Syrian rebels and opposition leaders expressed outrage on Sunday at President Barack Obama's last-minute decision to hold off from military intervention and suggested other "pariah states" could be encouraged if the West failed to take any action.
The opposition in exile, the Syrian National Coalition, urged Congress to "make the right choice" and vote for a strike on Bashar al-Assad's regime. "Dictatorships like Iran and North Korea are watching closely to see how the free world responds to the Assad regime's use of chemical weapons against the Syrian people," it said.
"If the free world fails to respond to such an outrageous breach of international norms, dictators around the world will be encouraged in their efforts to follow the example set by Assad." Activists and rebel fighters went further, with some saying the decision showed Obama was in a "secret conspiracy" with the Syrian president. For once, Assad and his opponents had some views in common. Faisal al-Mokdad, the Syrian deputy foreign minister, said Obama's decision showed his "sense of hesitation and confusion".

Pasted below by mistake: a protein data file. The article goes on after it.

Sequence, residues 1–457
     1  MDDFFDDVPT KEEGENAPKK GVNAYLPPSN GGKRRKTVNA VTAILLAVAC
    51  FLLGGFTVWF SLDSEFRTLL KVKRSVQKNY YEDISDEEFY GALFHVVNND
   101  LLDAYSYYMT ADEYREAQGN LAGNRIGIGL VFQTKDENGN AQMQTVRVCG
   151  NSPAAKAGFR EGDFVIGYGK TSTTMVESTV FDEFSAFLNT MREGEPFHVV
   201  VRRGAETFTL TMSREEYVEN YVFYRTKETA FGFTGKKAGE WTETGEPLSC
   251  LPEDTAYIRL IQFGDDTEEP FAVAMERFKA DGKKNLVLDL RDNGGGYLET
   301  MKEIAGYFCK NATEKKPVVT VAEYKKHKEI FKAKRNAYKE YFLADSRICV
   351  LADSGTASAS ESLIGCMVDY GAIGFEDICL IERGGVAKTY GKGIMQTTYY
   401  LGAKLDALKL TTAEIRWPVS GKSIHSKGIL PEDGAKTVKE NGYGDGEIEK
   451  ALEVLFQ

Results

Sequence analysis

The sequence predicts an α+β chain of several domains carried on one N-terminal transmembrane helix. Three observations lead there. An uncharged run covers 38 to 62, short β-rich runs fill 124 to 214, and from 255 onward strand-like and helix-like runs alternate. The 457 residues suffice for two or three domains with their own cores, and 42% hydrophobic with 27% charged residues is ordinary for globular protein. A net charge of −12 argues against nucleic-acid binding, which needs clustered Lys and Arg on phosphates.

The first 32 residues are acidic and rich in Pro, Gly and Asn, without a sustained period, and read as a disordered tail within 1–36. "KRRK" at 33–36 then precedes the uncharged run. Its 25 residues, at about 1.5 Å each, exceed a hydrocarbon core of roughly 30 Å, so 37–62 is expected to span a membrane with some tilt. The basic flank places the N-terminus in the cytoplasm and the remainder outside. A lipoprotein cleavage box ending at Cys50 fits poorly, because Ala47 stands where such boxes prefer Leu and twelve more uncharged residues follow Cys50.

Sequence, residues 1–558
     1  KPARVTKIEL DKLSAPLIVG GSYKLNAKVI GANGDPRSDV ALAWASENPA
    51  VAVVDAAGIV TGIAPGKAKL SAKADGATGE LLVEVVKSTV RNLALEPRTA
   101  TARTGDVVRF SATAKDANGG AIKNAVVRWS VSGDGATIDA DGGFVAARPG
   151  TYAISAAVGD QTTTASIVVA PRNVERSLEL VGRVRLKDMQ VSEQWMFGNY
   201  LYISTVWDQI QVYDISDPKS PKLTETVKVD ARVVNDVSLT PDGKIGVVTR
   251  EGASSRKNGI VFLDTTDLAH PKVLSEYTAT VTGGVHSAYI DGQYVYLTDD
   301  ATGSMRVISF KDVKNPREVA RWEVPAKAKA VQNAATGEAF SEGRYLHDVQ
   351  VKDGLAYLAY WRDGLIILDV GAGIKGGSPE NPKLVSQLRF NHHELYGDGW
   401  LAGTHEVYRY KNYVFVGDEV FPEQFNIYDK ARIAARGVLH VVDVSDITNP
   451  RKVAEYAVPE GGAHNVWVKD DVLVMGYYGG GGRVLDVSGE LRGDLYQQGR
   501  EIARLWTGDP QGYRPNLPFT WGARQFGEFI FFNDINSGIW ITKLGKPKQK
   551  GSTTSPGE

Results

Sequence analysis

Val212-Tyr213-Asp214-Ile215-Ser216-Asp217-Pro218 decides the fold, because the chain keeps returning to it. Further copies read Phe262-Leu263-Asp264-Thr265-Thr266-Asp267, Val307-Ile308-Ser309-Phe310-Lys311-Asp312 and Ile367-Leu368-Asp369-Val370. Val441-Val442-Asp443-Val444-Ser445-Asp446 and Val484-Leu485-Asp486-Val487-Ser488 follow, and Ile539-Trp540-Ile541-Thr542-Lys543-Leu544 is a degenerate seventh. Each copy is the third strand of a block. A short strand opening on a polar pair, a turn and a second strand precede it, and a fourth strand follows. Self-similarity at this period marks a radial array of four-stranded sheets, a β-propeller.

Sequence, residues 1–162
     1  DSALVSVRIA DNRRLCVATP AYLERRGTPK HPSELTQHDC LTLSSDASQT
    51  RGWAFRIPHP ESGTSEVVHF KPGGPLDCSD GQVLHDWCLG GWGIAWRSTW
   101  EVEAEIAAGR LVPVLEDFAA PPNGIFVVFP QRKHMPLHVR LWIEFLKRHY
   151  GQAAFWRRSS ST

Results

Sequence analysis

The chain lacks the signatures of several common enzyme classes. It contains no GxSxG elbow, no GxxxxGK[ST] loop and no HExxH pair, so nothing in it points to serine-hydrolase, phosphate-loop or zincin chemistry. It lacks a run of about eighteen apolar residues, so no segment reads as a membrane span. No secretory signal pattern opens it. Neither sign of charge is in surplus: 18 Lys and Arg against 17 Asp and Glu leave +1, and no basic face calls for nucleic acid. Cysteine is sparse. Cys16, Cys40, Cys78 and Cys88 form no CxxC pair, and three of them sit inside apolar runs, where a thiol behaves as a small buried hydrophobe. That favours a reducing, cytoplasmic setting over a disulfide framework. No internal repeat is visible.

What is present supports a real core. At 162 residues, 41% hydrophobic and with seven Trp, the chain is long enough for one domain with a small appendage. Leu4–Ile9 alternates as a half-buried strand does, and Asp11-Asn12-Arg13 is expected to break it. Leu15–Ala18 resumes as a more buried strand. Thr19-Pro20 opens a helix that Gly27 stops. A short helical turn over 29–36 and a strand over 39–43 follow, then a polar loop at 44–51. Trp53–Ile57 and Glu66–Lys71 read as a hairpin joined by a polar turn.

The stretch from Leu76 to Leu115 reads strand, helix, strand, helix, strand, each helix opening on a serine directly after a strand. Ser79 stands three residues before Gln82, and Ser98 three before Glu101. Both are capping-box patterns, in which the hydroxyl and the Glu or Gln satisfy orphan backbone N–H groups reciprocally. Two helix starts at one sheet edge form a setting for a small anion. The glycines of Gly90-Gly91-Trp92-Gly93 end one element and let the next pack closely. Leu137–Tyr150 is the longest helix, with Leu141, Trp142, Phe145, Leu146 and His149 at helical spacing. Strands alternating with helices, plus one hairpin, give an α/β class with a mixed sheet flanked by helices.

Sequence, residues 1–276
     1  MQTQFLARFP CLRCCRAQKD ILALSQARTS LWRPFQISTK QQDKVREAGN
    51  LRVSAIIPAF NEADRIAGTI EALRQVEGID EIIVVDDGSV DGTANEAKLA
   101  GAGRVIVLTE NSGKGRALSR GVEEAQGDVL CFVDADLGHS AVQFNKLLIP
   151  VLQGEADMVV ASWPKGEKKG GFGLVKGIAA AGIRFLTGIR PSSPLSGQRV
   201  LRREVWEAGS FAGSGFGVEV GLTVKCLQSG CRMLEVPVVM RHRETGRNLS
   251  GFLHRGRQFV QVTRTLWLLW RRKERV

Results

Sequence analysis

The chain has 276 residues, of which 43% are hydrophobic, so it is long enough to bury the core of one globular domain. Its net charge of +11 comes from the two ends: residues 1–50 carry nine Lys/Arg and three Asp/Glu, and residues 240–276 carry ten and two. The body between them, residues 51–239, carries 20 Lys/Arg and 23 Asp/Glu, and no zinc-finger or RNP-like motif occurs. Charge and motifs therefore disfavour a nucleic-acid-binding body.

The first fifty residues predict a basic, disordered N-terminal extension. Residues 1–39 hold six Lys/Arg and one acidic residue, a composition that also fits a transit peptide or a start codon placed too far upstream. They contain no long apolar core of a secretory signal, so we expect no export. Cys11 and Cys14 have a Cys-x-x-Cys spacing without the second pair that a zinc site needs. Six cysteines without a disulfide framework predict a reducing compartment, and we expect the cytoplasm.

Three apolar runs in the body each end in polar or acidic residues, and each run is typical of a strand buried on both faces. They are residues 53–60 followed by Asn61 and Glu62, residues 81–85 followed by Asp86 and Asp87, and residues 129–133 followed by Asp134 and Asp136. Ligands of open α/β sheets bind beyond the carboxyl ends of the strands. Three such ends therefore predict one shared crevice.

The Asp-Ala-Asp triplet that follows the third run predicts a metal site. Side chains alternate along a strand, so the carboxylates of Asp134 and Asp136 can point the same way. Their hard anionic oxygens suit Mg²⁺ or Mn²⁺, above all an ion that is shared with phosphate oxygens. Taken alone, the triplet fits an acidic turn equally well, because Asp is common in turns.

Assad himself said: "Syria is capable of facing up to any external aggression just as it faces up to internal aggression every day, in the form of terrorist groups and those that support them." The threat of imminent military action had caused chaos across the country, and its sudden suspension left a sense of uncertainty about what was really likely to happen.
Activists claimed that thousands of political prisoners and civilians had been rounded up and placed as "human shields" in potential targets, while soldiers and other human targets took refuge in the civilian population, by hiding in mosques and schools.
But a spokesperson for the rebels in Rastan, a town in Homs province that has held out against the regime for more than a year, said they had still wanted outside help. He said rebels felt "let down by the international world". Opposition leaders said they believed Congress would support action.